Cotter opts for size in bid to spring a surprise
Scotland are certainly giving it a lash. This afternoon, in an effort to raise the pulses and stiffen the sinews, 300 tartan-clad pipers and drummers will parade through the centre of Newcastle and up to St James’s Park.
In the hours leading up to the closest thing Scotland have to a home fixture, tens of thousands of their countrymen will throng the streets of the city and keep the bar taps busy in the fan zone.
If there will be no shortage of sound or fury this afternoon, wiser heads are taking a more sanguine squint at unbeaten Scotland’s pivotal pool encounter.
When in doubt sensible souls follow the advice of the bookies, and yesterday Scotland drifted out to 8/1 to beat South Africa after the punters concluded this is a Scotland second-string which is destined to come off second-best.
Those hopeful voices who had forecast a first Scottish victory over
South Africa outwith Scotland’s borders have gone strangely quiet.
On the face of it, Scotland have reasons to be hopeful. South Africa have been unusually fallible under the likeable Heyneke Meyer, losing half of their past 16 Tests.
Although they brutalised Samoa last week after the humiliation of their defeat by Japan, it remains true that back-to-back wins have been almost impossible to come by. And that was for a Springboks side captained by the talismanic Jean de Villiers or pack leader Victor Matfield.
How they will fare under standin captain, Fourie du Preez, remains to be seen. Du Preez is a great scrum-half, but whether a man universally described as a man of few words can inspire is debatable.
A more concrete consideration is South Africa’s propensity to cough up unnecessary penalties. Such was their indiscipline against Samoa and Japan that they conceded 15 penalties per game.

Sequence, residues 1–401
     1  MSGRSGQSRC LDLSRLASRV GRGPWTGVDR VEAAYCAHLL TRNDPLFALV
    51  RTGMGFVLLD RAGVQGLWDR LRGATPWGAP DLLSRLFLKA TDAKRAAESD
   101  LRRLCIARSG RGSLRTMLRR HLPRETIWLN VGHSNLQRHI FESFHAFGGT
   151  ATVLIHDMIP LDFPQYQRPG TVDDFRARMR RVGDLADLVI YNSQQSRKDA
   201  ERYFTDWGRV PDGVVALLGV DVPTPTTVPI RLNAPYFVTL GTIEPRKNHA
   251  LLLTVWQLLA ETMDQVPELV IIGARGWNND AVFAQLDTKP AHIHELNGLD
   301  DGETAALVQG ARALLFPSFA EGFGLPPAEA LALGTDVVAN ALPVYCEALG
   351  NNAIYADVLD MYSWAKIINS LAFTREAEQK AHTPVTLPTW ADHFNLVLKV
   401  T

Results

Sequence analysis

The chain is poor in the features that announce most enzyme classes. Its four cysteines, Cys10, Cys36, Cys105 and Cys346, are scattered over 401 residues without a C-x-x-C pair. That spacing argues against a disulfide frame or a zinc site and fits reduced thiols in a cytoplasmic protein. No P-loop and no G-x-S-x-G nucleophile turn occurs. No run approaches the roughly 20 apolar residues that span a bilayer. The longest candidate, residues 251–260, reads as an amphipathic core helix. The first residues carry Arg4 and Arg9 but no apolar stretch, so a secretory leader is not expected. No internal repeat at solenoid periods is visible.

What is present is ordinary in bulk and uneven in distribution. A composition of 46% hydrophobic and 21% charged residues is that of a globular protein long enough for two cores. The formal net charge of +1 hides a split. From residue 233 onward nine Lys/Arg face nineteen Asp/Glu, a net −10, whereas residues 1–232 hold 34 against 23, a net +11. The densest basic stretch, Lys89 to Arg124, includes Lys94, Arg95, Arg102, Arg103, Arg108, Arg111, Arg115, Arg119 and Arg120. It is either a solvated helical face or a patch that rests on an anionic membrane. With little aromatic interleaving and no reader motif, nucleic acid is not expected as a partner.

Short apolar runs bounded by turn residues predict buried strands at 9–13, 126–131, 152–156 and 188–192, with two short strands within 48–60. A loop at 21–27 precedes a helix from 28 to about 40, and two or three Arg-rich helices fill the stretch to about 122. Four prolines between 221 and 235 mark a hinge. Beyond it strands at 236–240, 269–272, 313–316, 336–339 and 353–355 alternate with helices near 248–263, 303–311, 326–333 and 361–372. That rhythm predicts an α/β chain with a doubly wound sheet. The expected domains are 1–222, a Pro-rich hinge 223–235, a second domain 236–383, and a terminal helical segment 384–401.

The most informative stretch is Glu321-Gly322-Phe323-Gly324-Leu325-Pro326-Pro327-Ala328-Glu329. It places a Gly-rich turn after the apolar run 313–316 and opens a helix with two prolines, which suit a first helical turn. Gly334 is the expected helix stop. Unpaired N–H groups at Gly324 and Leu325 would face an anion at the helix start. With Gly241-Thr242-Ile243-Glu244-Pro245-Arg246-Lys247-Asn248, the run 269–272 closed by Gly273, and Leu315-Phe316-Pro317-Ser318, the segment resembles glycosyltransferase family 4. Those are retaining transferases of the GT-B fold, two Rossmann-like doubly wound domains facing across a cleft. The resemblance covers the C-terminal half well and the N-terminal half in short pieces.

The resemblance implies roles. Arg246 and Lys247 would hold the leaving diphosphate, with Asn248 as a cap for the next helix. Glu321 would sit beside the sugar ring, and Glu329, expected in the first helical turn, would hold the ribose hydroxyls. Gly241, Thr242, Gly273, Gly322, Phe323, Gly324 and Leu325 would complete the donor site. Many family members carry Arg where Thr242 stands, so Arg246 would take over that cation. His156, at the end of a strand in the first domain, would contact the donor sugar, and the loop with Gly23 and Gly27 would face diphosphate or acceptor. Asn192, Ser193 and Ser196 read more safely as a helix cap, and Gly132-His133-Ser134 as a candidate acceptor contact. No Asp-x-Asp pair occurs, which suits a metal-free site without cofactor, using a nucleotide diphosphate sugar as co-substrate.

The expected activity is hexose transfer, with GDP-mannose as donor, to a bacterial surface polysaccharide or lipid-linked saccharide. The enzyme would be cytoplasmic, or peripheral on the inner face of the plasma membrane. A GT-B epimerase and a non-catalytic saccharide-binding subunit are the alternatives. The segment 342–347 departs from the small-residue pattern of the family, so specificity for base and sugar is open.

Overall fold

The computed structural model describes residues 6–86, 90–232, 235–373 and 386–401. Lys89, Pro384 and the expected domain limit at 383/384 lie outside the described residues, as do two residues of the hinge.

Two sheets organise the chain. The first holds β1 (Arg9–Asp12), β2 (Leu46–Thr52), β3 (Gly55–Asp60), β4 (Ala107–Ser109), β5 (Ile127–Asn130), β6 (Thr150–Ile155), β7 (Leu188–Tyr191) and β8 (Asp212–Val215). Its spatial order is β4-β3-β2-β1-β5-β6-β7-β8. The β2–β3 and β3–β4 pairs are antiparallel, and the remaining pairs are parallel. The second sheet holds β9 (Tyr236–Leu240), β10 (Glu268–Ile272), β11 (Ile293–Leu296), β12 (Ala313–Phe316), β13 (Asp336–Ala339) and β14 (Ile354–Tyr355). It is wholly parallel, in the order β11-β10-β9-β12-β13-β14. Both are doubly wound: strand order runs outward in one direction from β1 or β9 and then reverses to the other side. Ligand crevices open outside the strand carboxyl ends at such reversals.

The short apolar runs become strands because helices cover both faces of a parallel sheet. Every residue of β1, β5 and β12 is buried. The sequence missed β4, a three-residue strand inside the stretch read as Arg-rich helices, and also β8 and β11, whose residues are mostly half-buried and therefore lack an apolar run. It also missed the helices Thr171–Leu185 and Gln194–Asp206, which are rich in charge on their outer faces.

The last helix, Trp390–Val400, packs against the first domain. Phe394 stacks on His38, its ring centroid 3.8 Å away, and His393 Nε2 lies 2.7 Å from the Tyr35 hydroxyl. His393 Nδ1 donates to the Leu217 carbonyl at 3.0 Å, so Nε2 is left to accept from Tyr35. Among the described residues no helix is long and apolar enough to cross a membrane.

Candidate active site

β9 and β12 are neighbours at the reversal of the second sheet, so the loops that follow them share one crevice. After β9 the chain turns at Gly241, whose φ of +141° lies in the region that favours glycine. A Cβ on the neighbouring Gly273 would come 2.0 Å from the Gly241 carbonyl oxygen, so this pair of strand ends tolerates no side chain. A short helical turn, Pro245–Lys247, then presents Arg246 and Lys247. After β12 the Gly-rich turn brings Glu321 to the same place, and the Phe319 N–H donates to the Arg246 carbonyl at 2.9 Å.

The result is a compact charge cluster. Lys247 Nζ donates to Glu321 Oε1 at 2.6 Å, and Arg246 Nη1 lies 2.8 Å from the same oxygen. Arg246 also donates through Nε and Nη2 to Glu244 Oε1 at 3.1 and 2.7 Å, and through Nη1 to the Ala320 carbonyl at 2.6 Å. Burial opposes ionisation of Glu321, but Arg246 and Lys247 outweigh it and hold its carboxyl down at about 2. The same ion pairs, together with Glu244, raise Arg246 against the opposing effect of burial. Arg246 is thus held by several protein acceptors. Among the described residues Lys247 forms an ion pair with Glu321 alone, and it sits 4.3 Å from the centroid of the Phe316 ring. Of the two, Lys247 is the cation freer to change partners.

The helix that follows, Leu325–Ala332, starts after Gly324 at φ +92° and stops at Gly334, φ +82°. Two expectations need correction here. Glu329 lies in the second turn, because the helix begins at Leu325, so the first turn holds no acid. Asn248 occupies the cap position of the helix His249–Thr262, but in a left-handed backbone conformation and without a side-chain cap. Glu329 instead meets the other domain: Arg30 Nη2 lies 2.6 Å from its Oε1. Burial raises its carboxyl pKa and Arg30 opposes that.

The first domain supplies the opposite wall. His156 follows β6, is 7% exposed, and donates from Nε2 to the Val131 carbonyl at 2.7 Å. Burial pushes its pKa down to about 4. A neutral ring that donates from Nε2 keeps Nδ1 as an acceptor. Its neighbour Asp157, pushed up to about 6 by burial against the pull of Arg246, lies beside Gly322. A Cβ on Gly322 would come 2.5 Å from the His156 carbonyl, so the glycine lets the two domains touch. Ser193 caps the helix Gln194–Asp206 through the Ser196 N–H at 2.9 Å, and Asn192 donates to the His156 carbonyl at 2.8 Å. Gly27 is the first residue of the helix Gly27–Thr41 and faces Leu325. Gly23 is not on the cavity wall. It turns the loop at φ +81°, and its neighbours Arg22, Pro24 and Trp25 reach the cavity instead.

Grieg Laidlaw and long-range specialist Stuart Hogg will gorge themselves if they stage a reprise.
If Scotland can keep the Springboks close, this match will revolve around the physical confrontation up front. Vern Cotter may have had little choice but to ring the changes, but a line-up showing 11 alterations from the team who started against the United States Eagles lays bare the extent of the challenge.
Apart from the curious case of Tim Visser, Scotland have gone for size at every turn. There is size up front and four of the starters in the backs – captain Laidlaw, centre Matt Scott, full-back Hogg and wing Tommy Seymour – are first choices, while Duncan Weir is the only available option given Russell’s injury.
Four years ago, Scotland comfortably beat Romania and Georgia before being edged out by England and Argentina.
Cotter is a keen student of rugby history and will not want to repeat the mistake, but it leaves Scotland with an uphill struggle if they are to beat the Boks.